Sony X95J interface

Google TV also integrates Google Assistant voice control. Just say, “Hey Google,” then give the command. The Google Assistant can search for content, control the TV directly, control compatible smart home devices, and provide general information such as weather forecasts and sports scores. It can also display your calendar (unless you’re using G Suite for your calendar, which is poor support). If you don’t want the microphones to always listen for the beep, you can physically turn them off with a switch on the TV. Hisense U9DG and U8G TVs also offer the hands-free Google Assistant through the less seamless Android TV platform.

Good performance, but not the best

Sony X95J is a 4K TV with 120Hz refresh rate. It supports High Dynamic Range (HDR) content in HDR10, Dolby Vision, and Hybrid log gamma (HLG). Oddly enough, to enable Dolby Vision, you need to manually switch the format of the HDMI input signal to the Enhanced format (Dolby Vision), and not just the Enhanced format, which enables other HDR modes but not Dolby Vision.

We test TVs with a Klein K-80 colorimeter, Murideo SIX-G signal generator and Portrait Displays’ Calman software using a methodology based on Imaging Science Foundation calibration techniques.

With an SDR signal, the X95J shows a peak brightness of 399.092cd/m^2 with a full-screen white field and 353.518cd/m^2 with an 18% white field and a black level of 0.042cd/m2. With an HDR signal, those numbers jump to 596.527 cd/m2 with a white field full screen and 930.929cd/m2 with a white field at 18%. This is noticeably brighter than the A90J’s 632.348cd/m^2 peak brightness, although as an OLED TV, the A90J offers perfect black levels and therefore its contrast ratio is essentially higher than any LED TV.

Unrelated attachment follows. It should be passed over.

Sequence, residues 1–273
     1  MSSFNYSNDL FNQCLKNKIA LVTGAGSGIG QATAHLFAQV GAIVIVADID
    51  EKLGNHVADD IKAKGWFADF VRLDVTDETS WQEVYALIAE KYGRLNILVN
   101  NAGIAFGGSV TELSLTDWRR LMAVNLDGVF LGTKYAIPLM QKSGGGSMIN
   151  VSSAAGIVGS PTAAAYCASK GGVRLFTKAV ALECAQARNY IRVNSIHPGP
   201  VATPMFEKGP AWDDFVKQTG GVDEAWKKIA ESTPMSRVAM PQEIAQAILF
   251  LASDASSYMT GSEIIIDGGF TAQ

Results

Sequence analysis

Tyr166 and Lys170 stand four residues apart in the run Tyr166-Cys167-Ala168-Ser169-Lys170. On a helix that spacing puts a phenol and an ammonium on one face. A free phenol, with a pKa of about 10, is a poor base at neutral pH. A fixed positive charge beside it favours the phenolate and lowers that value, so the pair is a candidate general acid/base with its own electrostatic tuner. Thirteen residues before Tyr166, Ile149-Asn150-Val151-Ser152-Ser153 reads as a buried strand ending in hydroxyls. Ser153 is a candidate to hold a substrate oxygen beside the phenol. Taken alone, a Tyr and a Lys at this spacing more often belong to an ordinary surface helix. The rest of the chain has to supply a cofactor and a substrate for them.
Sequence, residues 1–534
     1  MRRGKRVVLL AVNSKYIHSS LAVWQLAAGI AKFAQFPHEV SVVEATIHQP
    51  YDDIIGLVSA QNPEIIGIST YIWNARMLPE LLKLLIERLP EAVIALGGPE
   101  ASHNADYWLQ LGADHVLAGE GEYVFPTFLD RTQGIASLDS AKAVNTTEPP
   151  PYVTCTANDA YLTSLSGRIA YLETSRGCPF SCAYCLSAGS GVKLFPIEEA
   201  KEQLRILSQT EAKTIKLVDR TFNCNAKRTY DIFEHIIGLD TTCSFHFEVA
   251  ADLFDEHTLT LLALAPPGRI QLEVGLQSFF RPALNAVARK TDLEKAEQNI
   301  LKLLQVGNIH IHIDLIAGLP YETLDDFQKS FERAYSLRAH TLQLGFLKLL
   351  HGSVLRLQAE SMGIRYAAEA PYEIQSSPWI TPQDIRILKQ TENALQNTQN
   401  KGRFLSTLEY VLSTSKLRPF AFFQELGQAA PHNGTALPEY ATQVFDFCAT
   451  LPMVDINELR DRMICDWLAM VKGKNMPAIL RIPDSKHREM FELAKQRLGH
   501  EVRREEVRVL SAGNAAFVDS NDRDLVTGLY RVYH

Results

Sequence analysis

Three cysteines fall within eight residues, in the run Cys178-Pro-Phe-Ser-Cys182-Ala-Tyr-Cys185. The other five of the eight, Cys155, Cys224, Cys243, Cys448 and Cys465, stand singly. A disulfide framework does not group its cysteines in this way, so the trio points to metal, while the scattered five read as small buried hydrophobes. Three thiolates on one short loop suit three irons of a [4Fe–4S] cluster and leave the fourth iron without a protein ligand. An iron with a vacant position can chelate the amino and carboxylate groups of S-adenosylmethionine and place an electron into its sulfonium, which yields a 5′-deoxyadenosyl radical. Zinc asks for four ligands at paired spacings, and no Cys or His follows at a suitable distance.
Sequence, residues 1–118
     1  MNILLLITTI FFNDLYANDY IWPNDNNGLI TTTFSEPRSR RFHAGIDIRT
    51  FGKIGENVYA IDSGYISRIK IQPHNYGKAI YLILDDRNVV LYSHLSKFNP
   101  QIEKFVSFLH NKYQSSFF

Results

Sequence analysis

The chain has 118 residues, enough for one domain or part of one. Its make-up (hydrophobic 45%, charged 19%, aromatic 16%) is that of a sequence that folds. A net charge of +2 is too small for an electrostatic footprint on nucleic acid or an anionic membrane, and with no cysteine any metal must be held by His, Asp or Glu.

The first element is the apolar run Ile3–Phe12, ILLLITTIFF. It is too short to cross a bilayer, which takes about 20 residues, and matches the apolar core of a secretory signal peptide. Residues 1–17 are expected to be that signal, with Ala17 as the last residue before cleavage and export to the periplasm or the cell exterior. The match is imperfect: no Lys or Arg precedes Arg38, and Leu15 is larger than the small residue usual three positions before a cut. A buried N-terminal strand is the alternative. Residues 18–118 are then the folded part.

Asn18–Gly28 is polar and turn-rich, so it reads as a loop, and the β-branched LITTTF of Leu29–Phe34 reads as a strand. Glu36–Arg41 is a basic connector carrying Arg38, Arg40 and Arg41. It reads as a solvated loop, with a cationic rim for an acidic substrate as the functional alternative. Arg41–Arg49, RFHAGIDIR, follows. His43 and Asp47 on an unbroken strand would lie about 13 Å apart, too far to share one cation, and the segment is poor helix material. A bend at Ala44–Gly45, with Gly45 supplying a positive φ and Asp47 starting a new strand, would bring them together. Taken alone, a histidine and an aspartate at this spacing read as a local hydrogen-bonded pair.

The average black level, taken from the black parts of the screen while a separate part of the screen is fully lit, is 0.039cd/m^2 with some caveats. We observed a good amount of light on the screen, with the out-of-light regions as low as about 0.01cd/m2 and the nearer-to-light regions as low as about 0.08cd/m^2. Using my average estimate, the X95J’s effective contrast ratio is 23,870:1. This is very good, but is significantly lower than the contrast ratios of Hisense U9DG (198:206:1) and U8G (88,168:1), as well as Samsung’s QN90A (367,593:1). All of these models are noticeably brighter, with lower black levels.

Sony X95J color test results

The charts above show the X95J’s cinema-mode color measurements with SDR signal compared to Rec.709 broadcast color levels and with HDR signal compared to DCI-P3 digital cinema standards. White is perfect with both signals, and colors are consistently well balanced, with cyan drifting slightly towards green in HDR. The TV doesn’t quite reach the ranges it should, although red and green are slightly saturated in SDR and all colors are lower than DCI-P3 in HDR. The Hisense U9DG (and U8G for that matter), LG C1 and Samsung QN90A all cover or nearly cover the DCI-P3 color space, as do the Sony A90J.